Monday, 13 September 2010

Is Burnham right to raise unfairness in the leadership campaign?

Andy Burnham says that the system supporting the Leadership Election is flawed - by Union support favouring some candidates and that MPs have their votes publicly available. He’s right to raise these concerns.

The Labour Party believes in fairness and transparency, and goes out of its way to be fair and transparent. But its attempts are often means by which it shackles itself to overburdensome bureaucracy and systems with are at best transluscent and at worst opaque.

Burnham is right, for instance, about MPs voting. I would have thought the idea of secret ballots should be sacrosanct. But by making MPs’ votes public, MPs will vote for the person they think will win, rather that according to their conscience. This may be wrong, but it’s human.

Selection meetings are meant to be fair; but I have seen meetings packed with groupings of members that make the system unfair. Candidates are not chosen by their ability but by the number of friends they have. Systems to ensure fairness to get on to selection panels can be so burdensome that good candidates cannot reach the set down standards (and haven’t the time to fulfil requirements - or even fill out the forms.)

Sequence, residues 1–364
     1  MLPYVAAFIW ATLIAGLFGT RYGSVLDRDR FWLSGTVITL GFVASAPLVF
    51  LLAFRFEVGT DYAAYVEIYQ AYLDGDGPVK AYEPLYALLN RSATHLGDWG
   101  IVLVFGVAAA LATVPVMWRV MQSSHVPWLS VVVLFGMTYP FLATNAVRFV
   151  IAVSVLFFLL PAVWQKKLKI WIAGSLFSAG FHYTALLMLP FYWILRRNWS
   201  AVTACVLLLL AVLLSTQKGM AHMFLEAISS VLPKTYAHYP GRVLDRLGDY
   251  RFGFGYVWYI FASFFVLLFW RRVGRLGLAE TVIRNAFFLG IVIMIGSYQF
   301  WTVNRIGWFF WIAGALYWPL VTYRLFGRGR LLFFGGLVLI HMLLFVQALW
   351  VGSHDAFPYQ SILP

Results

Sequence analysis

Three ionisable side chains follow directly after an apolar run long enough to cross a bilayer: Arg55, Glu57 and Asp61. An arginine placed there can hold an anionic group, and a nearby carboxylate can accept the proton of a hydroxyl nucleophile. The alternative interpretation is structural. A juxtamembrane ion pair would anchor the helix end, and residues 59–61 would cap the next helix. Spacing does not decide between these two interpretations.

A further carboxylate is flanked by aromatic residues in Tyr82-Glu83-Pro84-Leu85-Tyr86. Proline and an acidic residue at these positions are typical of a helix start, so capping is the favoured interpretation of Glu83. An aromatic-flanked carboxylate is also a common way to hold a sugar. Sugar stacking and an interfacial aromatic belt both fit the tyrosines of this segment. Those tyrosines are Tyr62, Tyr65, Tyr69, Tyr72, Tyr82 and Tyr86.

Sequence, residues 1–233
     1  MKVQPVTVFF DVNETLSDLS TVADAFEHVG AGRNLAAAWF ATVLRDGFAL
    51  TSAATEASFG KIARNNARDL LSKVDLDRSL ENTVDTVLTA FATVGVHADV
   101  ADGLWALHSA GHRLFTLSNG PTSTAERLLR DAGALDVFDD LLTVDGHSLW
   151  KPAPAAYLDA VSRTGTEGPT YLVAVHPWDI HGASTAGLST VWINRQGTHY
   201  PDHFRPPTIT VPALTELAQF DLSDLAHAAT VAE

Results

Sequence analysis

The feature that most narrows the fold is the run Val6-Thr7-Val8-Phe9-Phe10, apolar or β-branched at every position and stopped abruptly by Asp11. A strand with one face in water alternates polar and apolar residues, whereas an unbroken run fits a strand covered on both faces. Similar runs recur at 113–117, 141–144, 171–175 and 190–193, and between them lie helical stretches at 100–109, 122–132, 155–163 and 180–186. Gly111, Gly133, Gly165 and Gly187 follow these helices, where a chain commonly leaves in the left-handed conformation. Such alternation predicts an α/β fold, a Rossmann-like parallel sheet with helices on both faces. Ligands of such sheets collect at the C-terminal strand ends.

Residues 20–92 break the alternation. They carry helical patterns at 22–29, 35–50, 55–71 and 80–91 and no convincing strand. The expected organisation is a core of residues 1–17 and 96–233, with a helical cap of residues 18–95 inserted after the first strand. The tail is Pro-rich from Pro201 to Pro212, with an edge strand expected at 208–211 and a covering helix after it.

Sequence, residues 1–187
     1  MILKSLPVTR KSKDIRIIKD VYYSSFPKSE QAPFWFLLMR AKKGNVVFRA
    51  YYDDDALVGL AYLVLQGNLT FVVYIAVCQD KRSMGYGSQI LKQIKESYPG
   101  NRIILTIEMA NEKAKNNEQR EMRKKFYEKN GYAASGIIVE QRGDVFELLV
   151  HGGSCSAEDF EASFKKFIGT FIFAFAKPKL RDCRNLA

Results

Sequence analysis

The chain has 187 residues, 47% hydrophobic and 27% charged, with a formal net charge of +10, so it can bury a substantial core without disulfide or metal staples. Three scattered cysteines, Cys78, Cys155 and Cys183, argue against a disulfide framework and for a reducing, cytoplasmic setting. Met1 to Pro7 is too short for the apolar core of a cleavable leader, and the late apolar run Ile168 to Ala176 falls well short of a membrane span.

AV as a voting system is another example. The process of allocating second and third choices (and so on) can result in a candidate winning that’s best for some and OK for more, rather than the one who’s best for the largest number. A sort of British compromise. I have written about AV earlier in my Blog.

I’m not putting forward an argument for lack of transparency, or for favouritism, but for ways to be found to ensure we get the best people in the elected positions.

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